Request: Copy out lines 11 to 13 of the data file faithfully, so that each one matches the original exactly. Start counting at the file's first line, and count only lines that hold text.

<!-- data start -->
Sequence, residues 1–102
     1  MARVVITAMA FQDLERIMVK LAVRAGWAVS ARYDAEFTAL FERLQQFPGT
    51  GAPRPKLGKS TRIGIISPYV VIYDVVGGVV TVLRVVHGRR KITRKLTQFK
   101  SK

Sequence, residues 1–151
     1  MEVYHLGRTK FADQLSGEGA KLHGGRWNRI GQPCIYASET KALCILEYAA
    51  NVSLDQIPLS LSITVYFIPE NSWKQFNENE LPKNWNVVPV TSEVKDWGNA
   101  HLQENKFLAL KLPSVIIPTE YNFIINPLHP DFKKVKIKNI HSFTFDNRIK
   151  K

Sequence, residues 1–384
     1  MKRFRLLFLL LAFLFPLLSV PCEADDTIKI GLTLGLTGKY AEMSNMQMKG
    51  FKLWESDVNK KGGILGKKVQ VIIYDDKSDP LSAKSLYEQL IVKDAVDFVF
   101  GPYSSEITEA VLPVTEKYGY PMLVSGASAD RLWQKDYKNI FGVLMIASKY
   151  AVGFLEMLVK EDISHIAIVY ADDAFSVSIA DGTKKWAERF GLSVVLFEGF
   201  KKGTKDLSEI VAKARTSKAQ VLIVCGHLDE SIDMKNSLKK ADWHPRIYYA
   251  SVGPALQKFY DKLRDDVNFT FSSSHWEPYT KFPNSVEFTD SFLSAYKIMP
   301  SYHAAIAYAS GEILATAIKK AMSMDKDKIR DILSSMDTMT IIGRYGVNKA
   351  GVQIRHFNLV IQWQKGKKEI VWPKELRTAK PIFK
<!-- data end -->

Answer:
     1  MKRFRLLFLL LAFLFPLLSV PCEADDTIKI GLTLGLTGKY AEMSNMQMKG
    51  FKLWESDVNK KGGILGKKVQ VIIYDDKSDP LSAKSLYEQL IVKDAVDFVF
   101  GPYSSEITEA VLPVTEKYGY PMLVSGASAD RLWQKDYKNI FGVLMIASKY